Physicists at the Max Planck Institute for Quantum Optics and Ludwig-Maximilians-Universität Munich, in collaboration with Stanford University, have for the first time used laser light to control the location of light-dependent reactions on the surface of nanoparticles.
Controlling strong electromagnetic fields on nanoparticles is key to triggering targeted molecular reactions on their surface.
Such control over strong fields is achieved by laser light. Although the formation and breaking of laser-induced molecular bonds on nanoparticle surfaces has been observed in the past, nanoscopic optical control of surface reactions has not yet been achieved. Dr. Boris Berggues and Prof. Ludwig-Maximilians-Universität (LMU) and Matthias Kling of the Max Planck Institute for Quantum Optics (MPQ) in collaboration with Stanford University have now closed this gap. Physicists have for the first time pinpointed the location of light-induced molecular reactions on the surface of isolated silicon dioxide nanoparticles using ultrashort laser pulses.
There is a lot of activity on the surface of nanoparticles. It settles in molecules, dissolves and changes places. All these trigger chemical reactions, change matter and even cause new materials to appear. Electromagnetic fields can help control events in the nanocosm.
This is now Dr. Ultrafast Electronics and Nanophotonics Group's Dr. Boris Berggues and Prof. Demonstrated by a research team led by Matthias Kling.
To this end, the researchers used powerful, femtosecond laser pulses to create localized fields on the surfaces of the isolated nanoparticles.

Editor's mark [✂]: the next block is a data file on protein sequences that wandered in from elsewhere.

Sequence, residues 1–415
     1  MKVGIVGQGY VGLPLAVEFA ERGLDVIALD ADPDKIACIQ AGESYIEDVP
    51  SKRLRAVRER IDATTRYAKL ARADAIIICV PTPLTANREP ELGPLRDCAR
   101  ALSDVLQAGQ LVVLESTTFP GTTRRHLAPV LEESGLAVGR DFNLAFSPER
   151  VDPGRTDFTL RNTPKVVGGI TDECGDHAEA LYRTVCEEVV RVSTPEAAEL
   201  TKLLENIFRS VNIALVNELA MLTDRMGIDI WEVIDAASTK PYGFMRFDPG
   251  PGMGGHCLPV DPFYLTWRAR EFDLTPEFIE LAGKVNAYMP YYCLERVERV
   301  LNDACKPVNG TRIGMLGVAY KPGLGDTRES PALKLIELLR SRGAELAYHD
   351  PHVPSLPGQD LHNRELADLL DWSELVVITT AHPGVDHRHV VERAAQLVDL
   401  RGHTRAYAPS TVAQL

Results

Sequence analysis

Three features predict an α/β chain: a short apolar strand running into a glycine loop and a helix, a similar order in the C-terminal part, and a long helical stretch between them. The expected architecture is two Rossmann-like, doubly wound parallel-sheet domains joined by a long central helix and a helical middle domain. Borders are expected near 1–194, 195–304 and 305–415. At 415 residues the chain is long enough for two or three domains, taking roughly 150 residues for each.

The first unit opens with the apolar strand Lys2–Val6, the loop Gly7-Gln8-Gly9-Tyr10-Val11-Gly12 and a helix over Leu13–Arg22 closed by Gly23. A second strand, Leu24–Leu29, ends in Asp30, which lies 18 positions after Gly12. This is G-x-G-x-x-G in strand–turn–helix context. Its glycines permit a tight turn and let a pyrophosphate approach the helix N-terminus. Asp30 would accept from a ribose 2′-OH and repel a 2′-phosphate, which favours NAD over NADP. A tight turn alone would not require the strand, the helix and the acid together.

A femtosecond is one millionth of a billionth of a second, or 10 of a second.-15 as much as i.
A new technique recently developed in the same group, called reaction nanoscopy, physicists were able to image the reaction site and formation site of molecular fragments on the surface of silica nanoparticles with a resolution of better than 20 nanometers.
Thus, they had to adjust the time delay between two pulses with attosecond accuracy. An attosecond is still a thousand times shorter than a femtosecond. When interacting with this adapted light, the surface of nanoparticles and the molecules adsorbed there were ionized at the targeted sites, causing the molecules to split into different fragments.
The nanoscopic spatial control achievable at even higher resolution was achieved by the scientists by superimposing the fields of two laser pulses with different colors and controlled waveform and polarization.
“Molecular surface reactions on nanoparticles play a fundamental role in nanocatalysis. In particular, they could be the key to clean energy generation through photocatalytic water splitting,” explains Matthias Kling. “Our results also pave the way to monitor photocatalytic reactions on nanoparticles with not only nanometer spatial resolution, but also femtosecond temporal resolution. This will provide detailed insights into surface processes on the natural spatial and temporal scales of their dynamics,” adds Boris Bergues.